Looking unto Jesus, the author and finisher of our faith, who for the joy that was set before Him endured the cross, despising the shame, and has sat down at the right hand of the throne of God.

The cross is the central symbol of our Christian faith. At the time of Christ’s crucifixion, it was not a religious symbol, or a piece of jewelry, it was a horrible symbol of suffering and shame. To the Roman world, it could be compared to the electric chair, the hangman’s noose, the gas chamber, or death by lethal injection. It was reserved for the worst element of their society. From man’s perspective Christ, was executed unjustly for crimes He didn’t commit. From God’s perspective, He suffered to fulfill the justice of God. He was a sacrifice, the representative of the fallen human race. A.W. Tozer preached about the radical nature of the cross. Here is some of what he had to say.

“The changed attitude toward the cross that we see in modern orthodoxy proves not that God has changed, nor that Christ has eased up on His demand that we carry the cross; it means rather that current Christianity has moved away from the standards of the New Testament. So far have we moved indeed that it may take nothing short of a new reformation to restore the cross to its right place in the theology and life of the Church.”

These words sound strangely familiar, and dare I say relevant, to the current trends in church. We try to make Christianity an easy way to live “your best life now” rather than requiring the modern Christian to pick up his cross and follow Jesus. When someone accepts Christ into his life, the cross should become central to what his new life is all about. This new life is not about being comfortable, popular, or even successful as most people would define it. Christianity will make your friends uncomfortable and may bring persecution and rejection from your family members. That is the very nature of this new life in Christ.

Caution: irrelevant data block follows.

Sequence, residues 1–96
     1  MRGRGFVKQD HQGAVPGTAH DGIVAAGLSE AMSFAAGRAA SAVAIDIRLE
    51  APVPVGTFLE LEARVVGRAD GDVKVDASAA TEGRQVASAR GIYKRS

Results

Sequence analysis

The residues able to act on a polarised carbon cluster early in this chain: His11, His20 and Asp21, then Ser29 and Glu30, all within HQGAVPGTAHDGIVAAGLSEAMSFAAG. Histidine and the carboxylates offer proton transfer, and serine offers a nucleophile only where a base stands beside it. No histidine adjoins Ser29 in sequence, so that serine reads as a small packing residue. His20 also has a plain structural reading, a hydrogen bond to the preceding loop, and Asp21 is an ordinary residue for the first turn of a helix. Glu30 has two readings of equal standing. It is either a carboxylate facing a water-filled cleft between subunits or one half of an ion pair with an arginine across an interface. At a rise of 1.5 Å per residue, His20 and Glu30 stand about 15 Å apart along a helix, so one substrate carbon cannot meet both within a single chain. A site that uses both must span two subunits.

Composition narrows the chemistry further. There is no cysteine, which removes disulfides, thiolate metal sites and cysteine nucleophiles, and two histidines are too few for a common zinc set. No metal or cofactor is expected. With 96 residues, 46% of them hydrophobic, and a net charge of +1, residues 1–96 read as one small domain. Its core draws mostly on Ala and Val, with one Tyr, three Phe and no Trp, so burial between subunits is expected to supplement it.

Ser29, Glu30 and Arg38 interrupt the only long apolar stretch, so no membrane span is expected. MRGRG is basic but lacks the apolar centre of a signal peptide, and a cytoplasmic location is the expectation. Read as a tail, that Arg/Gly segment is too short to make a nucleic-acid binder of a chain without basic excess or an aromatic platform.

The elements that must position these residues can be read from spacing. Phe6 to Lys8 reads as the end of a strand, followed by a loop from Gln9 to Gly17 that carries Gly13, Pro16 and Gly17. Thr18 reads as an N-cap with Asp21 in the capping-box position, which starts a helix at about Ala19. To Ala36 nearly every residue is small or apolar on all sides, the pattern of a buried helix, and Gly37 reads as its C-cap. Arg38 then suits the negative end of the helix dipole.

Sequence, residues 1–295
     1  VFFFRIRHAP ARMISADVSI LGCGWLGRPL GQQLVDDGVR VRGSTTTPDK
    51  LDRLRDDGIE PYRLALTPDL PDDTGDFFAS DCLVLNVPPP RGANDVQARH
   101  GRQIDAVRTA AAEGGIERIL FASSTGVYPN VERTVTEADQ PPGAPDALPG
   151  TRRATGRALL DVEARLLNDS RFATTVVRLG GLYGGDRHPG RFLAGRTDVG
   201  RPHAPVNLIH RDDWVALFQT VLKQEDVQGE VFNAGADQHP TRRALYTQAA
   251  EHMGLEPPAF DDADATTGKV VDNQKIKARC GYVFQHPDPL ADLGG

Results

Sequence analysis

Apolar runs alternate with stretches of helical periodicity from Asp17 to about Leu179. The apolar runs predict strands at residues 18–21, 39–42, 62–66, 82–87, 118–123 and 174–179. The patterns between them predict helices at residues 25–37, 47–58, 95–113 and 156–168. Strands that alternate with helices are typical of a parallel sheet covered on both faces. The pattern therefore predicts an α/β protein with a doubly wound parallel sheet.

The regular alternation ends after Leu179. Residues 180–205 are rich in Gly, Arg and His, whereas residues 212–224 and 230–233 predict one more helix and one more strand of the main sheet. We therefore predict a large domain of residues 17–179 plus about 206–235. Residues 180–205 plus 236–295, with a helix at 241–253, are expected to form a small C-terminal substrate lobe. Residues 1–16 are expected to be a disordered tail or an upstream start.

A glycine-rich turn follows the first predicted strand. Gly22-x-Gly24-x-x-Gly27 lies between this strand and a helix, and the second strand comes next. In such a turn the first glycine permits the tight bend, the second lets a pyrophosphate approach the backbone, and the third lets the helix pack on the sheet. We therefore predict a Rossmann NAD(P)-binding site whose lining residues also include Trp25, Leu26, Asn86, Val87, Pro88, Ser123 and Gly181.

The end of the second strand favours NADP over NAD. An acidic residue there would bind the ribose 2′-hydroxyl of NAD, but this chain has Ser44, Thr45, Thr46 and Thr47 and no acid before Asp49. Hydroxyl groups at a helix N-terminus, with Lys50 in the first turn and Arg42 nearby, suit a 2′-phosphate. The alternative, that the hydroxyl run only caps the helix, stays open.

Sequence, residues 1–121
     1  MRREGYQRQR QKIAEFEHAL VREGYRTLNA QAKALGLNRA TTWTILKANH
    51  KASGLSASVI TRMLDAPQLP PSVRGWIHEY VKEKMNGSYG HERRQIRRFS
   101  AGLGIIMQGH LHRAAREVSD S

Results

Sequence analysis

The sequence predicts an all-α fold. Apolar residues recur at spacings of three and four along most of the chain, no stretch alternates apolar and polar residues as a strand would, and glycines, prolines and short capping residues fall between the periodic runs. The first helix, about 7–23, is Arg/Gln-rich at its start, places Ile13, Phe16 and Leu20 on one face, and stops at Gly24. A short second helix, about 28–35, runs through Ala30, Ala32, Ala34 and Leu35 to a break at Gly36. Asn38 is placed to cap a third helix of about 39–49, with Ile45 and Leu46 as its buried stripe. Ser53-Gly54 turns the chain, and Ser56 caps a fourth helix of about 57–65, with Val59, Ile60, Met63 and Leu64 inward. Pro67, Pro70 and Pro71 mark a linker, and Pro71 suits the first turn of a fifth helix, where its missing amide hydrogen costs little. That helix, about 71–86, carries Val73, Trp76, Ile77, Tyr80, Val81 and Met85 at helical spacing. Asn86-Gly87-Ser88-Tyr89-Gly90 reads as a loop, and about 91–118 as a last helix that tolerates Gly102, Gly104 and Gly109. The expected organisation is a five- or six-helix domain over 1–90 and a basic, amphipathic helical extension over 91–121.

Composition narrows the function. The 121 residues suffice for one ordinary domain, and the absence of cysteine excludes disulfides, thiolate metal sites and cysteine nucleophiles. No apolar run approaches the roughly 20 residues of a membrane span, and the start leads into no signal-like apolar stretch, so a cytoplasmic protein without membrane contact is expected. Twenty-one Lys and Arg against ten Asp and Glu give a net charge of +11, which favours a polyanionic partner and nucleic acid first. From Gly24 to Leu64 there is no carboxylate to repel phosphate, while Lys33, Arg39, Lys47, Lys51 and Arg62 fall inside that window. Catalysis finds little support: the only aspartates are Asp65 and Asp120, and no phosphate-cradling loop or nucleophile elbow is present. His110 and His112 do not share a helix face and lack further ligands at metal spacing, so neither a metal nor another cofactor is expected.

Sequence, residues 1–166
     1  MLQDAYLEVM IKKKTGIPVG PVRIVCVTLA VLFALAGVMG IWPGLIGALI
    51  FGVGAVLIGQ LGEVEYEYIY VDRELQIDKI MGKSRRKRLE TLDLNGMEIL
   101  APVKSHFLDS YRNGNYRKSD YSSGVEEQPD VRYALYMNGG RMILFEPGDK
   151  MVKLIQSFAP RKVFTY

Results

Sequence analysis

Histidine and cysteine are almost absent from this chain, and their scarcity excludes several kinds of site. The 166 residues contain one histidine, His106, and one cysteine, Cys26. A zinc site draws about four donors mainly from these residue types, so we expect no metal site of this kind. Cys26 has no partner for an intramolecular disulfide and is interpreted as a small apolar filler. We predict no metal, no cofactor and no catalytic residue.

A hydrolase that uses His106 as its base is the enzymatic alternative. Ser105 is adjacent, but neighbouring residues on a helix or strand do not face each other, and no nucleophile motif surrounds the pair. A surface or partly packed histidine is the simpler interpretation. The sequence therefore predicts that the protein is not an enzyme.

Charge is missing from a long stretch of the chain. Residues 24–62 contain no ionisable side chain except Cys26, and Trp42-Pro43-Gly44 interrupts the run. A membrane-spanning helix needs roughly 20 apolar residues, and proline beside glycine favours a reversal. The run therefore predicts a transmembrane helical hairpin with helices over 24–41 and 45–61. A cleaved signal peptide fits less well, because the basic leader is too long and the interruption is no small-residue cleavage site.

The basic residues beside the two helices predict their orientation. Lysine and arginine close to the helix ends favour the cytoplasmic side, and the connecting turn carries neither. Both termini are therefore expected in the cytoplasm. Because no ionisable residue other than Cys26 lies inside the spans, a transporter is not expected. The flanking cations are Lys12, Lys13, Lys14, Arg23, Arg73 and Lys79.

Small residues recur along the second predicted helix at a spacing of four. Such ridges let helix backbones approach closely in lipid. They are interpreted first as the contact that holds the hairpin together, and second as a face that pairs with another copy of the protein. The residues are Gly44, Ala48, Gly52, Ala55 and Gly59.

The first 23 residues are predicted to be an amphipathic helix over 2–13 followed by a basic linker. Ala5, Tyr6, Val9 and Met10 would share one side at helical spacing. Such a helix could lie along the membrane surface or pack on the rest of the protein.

If Jesus told His followers to “to pick up their cross and follow Me” why should we try to change that now? When I first became a Christian, all of my supposed friends disappeared when they realized the changes in me were for real. Every now and then, over the years, one of these “friends” would reemerge to see if I was still following Christ, only to disappear again when they found the cross was still my life. Has your life changed enough to make a difference? If not, take another look at the cross, you might be surprised at what you find. If you look closely, you will find the key to happiness and satisfaction. It is not in the accumulation of possessions or titles that we find contentment in this life. Jesus said, “What does it profit a man to gain the whole world and lose his soul”. Where do I find this place of total contentment? You will find it the same place Jesus did, “looking to Jesus, the founder and perfecter of our faith, who for the joy that was set before him endured the cross, despising the shame, and is seated at the right hand of the throne of God.”

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